Eriksholm's research is grouped into themes, which span the broad scope of our mission.

Although all of the research at Eriksholm originates with our mission, a very broad spread of topics is being investigated. We organise these under three strategic, mega-trend inspired research themes: Cognitive Hearing Science, Augmented Hearing Science, and Social Hearing Science.

Eriksholm’s mission provides clear guidance about what we aim to achieve. At the same time it provides a high degree of freedom for us to pursue avenues of research in a wide range of topics, as opportunities and potential benefits arise and change over time.

To ensure future relevance of our work, we have taken inspiration from current mega-trends in audiology and defined three strategic research areas: Augmented Hearing Science, Social Hearing Science, and Cognitive Hearing Science.

Under the strategic research area you will find that we have organised our activities into eight general themes. Some of these themes are instantly recognisable as topic areas of long-standing importance, which any serious hearing-aid research group should be working on. Other themes reflect areas which have been the subject of a more unique focus at Eriksholm.

Nevertheless, Eriksholm’s research activities in practice are intricately linked across themes, and many studies address issues in multiple themes simultaneously. Browsing the descriptions of our studies will lead you via links into other themes. This reflects the multi-disciplinary nature of the work we are doing, and the strength which we achieve by having people in the same group working on diverse questions.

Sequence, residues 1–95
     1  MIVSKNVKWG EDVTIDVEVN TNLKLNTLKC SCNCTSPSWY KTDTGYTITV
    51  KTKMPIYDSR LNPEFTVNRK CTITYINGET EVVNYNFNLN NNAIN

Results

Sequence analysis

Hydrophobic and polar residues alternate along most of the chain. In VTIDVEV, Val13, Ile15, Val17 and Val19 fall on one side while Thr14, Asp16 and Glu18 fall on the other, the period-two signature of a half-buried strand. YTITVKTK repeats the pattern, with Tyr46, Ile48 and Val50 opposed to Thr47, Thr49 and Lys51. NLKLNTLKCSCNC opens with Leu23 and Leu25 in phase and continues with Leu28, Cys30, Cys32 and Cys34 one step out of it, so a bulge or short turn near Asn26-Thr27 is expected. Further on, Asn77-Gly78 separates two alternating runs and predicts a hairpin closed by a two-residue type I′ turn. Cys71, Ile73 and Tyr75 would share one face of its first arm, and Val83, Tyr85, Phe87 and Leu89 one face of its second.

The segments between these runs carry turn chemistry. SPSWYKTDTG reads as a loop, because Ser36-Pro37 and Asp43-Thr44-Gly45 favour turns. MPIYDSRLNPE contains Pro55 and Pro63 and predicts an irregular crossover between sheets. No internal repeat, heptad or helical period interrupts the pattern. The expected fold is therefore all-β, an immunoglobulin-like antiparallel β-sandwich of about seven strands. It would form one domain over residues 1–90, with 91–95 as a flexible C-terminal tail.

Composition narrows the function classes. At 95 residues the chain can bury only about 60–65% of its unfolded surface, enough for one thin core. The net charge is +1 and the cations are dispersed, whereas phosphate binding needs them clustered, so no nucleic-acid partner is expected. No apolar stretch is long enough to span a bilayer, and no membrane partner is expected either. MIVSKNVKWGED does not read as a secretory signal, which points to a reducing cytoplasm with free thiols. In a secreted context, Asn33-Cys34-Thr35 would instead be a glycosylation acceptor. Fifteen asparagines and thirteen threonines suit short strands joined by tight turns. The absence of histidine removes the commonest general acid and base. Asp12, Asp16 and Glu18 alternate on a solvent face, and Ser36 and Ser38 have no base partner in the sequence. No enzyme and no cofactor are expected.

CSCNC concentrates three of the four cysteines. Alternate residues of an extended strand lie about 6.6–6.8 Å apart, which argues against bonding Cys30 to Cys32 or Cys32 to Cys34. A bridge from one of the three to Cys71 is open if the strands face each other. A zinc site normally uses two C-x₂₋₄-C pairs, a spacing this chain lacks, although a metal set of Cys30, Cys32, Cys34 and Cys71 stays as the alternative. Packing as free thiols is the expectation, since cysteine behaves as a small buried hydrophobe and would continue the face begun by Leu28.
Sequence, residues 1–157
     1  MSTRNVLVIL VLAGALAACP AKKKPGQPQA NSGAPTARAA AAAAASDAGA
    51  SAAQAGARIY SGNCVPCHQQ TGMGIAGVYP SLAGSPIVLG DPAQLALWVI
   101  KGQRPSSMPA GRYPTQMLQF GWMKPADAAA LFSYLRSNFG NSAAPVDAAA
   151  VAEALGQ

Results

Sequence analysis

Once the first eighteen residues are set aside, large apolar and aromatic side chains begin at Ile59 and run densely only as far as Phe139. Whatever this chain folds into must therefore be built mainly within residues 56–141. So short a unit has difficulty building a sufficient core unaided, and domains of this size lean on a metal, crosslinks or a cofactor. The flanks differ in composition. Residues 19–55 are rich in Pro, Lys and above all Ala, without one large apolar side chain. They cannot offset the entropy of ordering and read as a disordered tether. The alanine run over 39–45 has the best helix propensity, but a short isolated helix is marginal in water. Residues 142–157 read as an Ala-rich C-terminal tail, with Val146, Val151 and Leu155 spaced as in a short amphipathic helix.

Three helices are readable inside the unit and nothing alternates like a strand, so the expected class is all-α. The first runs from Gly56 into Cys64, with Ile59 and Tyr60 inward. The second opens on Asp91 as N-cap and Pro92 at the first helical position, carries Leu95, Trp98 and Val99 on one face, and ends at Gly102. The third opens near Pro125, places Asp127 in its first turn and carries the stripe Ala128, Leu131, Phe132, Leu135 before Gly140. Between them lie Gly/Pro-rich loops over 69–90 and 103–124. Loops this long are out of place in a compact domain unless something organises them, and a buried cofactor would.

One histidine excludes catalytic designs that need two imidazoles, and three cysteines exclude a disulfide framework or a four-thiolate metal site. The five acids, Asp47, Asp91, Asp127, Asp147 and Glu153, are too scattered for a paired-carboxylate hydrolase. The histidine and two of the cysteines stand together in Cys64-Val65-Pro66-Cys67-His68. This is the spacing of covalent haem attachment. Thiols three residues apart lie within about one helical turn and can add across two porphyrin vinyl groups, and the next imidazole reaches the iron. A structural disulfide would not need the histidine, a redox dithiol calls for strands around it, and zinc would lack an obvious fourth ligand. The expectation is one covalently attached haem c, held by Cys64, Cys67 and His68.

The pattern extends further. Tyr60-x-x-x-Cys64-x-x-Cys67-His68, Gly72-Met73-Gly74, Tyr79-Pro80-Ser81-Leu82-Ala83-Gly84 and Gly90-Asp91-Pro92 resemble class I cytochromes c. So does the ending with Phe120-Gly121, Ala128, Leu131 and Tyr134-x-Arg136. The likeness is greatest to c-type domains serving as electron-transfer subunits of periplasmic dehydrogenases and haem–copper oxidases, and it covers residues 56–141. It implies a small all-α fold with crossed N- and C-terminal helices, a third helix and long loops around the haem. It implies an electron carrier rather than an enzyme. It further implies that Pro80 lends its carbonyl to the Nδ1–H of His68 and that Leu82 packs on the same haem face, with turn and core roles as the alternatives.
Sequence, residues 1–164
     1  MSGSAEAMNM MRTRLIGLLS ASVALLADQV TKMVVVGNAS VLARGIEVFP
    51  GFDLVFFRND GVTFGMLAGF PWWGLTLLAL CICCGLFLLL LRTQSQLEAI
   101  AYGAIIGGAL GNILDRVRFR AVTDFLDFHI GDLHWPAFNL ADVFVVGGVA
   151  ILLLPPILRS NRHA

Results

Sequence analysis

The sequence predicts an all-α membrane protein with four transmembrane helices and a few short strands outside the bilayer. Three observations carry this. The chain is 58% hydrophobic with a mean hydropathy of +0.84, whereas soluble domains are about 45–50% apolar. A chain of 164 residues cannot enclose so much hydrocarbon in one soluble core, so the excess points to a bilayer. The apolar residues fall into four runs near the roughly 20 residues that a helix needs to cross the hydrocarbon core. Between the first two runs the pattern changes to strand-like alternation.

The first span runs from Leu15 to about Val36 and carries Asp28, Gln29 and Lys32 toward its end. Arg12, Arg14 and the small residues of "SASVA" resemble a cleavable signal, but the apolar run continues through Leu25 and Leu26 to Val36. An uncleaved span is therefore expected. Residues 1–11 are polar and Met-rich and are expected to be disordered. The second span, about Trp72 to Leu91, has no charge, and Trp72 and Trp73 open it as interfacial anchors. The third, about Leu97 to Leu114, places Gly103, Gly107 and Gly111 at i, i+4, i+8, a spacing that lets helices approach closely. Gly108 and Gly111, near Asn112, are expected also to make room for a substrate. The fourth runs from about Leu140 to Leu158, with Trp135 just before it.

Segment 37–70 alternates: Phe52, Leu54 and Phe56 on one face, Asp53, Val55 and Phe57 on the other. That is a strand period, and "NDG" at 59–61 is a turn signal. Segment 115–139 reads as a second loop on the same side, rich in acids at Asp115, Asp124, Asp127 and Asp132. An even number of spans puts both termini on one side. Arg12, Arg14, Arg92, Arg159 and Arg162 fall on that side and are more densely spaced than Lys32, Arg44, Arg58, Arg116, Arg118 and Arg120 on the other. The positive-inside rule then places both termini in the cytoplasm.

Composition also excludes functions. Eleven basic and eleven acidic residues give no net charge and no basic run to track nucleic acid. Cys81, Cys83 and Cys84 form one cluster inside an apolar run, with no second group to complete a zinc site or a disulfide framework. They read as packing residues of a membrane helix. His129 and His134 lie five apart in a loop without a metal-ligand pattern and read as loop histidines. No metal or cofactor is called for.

Cognitive Hearing Science

Research in Cognitive Hearing Science aims at finding correlations between physiological activities and cognitive processes challenged by hearing impairment. These cognitive processes include attention and listening efforts, and we are working on ways to quantify these processes using advanced Electroencephalography (EEG) medical measurements and pupillometry, that are capable of detecting real-time neurological responses.

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Augmented Hearing Science

The processing of sound in hearing devices combines knowledge of how people with hearing impairment process sounds and knowledge of what hearing devices will soon become able to do. The essence in Augmented Hearing Science is the focus on problems that people with hearing impairment experience in their daily life and we continuously strive to solve these problems through innovation that combines research in hearing science and semi-conductor technologies.

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Social Hearing Science

Social Hearing Science is about understanding the impacts of hearing loss on social engagement and connectedness, and about changing hearing health behaviors to increase awareness of hearing loss, uptake, and use of hearing technologies. In this way, we will optimize engagement between people with hearing loss, their family and friends, and their hearing care providers.

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Eriksholm workshops

The Oticon Foundation established the Eriksholm Workshop series for gathering small groups of experts in audiology and hearing science to have focused discussion and exchange of information about an important area of study for the purpose of describing the topic, suggesting areas for further study, and, if appropriate, developing a consensus statement.

  • 2019

    Eriksholm Workshop on Ecologically Valid Assessments of Hearing and Hearing Devices

    Snekkersten, Denmark

  • 2015

    Eriksholm Workshop on Hearing impairment and Cognitive Energy

    Snekkersten, Denmark

  • 2012

    Eriksholm Workshop on Wideband Absorbance Measures of the Middle Ear

    Oregon, USA

  • 2003

    Eriksholm Workshop on Candidature and Delivery of Audiological Services

    Snekkersten, Denmark

  • 1999

    Eriksholm Workshop on Self-Reported Outcome Measures in Audiological Rehabilitation including HAs

    Snekkersten, Denmark

  • 1995

    Eriksholm Workshop on Auditory Deprivation and Acclimatization

    Snekkersten, Denmark